This experience was honestly better than I had hoped or imagined that it could be. The Program mentors and IMA staff were absolutely incredible, super accommodating, and worked super hard to make sure that I got the absolute most out of my experience. I came into this program not entirely sure about my desire to go into medicine and I have most definitely come out of this program more inspired and motivated to pursue a job in medicine.
I came to Kenya on June 13th, 2018, hauling the hazy childhood dream of becoming a field doctor. The doubts and insecurities that arose from my freshman year of college had bombarded that once luminous vision. Thus, my International Medical Aid internship would ultimately serve to either crumble or invigorate those lingering ambitions. The priceless knowledge I have gained from medical staff, peers, and Kenyan natives has spurred my desire to grasp onto my dream of becoming a field doctor with new clarity. Although, I observed many fascinating clinical cases, I found that the most powerful lessons came through the questions I asked from my observations.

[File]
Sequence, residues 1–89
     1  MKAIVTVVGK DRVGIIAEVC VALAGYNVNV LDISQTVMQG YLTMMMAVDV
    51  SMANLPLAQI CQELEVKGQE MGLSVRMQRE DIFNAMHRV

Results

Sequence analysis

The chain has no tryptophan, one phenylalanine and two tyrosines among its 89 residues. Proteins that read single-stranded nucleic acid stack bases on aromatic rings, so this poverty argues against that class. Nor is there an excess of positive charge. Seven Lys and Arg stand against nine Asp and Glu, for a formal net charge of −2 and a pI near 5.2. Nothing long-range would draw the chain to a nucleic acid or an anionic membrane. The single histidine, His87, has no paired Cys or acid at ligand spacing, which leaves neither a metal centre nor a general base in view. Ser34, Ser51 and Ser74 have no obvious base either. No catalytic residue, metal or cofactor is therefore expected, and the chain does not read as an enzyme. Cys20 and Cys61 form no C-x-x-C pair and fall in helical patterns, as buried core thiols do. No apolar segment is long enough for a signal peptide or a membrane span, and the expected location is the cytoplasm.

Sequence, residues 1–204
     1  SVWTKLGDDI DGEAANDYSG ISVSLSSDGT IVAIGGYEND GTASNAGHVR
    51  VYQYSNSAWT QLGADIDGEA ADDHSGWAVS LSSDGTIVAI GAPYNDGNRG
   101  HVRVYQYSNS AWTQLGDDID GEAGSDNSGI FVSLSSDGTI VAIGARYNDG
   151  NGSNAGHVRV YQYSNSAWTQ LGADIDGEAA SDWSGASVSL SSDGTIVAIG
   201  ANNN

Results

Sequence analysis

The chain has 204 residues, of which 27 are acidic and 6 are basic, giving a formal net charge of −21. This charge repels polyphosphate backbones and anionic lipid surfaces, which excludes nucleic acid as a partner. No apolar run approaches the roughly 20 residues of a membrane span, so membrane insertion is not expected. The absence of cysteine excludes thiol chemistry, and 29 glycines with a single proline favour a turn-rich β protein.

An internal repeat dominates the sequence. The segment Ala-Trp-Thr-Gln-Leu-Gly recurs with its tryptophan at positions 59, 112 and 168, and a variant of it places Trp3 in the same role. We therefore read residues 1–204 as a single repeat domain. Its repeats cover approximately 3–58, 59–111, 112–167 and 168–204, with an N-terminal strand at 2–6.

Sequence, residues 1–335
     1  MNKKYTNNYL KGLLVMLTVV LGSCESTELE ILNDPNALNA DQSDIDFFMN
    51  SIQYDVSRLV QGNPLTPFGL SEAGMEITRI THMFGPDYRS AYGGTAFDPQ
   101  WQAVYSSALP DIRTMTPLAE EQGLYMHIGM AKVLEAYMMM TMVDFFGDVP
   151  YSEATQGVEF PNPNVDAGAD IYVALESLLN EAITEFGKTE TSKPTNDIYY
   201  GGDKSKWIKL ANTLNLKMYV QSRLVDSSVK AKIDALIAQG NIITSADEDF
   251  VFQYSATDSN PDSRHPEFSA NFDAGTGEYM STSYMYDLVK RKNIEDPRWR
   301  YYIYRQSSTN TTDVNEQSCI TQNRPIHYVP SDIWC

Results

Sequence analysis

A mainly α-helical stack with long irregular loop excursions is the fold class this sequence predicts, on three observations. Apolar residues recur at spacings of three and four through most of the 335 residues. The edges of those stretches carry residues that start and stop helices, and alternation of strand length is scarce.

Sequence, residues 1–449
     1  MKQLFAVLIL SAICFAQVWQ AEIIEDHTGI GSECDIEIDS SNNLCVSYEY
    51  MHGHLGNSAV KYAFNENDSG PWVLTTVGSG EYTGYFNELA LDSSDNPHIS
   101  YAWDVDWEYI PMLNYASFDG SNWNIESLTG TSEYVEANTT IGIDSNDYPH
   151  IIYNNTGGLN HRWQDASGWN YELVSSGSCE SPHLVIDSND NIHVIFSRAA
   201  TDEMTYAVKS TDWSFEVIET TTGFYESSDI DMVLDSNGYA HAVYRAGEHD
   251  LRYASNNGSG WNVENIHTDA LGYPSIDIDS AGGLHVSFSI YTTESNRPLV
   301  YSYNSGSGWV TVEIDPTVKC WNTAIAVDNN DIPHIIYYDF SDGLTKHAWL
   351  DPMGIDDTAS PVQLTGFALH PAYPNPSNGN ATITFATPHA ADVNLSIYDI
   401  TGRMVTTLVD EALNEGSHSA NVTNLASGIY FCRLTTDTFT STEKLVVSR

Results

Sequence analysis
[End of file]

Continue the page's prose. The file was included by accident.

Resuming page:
At Coast General Hospital, I had the incredible opportunity to learn from the medical staff and observe cases I would not be able to see in US hospitals. Some of the most notable clinical cases I observed included Cholera, Malaria, Hydrocephalus, Organophosphate Poisoning, and Gastroschisis. I learned how to take and read vitals and how to set the oxygen levels for oxygen masks and nasal cannulas. However, the most impactful lesson came from the woman with Herpes Zoster in Surgical Ward 7. She left a burn untreated which was sadly a common occurrence. Eventually, the burn became septic, she contracted shingles, and the entirety of her midsection became one festering wound. As I watched the nurse carefully peel away the dead skin from her oozing breast tissue, I could not comprehend the amount of physical and emotional pain she must have been experiencing. There were no psychologists around to talk her through the body dysmorphia she must have been feeling. And yet, she barely showed any signs of physical or emotional pain except for a wince or two. It was baffling to me. I later learned the cultural norm in Kenya is not to visibly show pain in response to physical pain but it’s customary to openly display emotional pain in response to death, which is the opposite of the cultural norms of the United States. That newfound information caused me to speculate whether pain catastrophizing, which is the tendency to describe a pain experience in more exaggerated terms than the average person, is caused more by genetic or cultural factors. When I get back to school, I hope to do more research in this area and propose a cross cultural psychological study about the factors that contribute to pain.
My Invaluable Experiences both Inside and Outside the Hospital Reinvigorated my Fantasy to Become a Field Doctor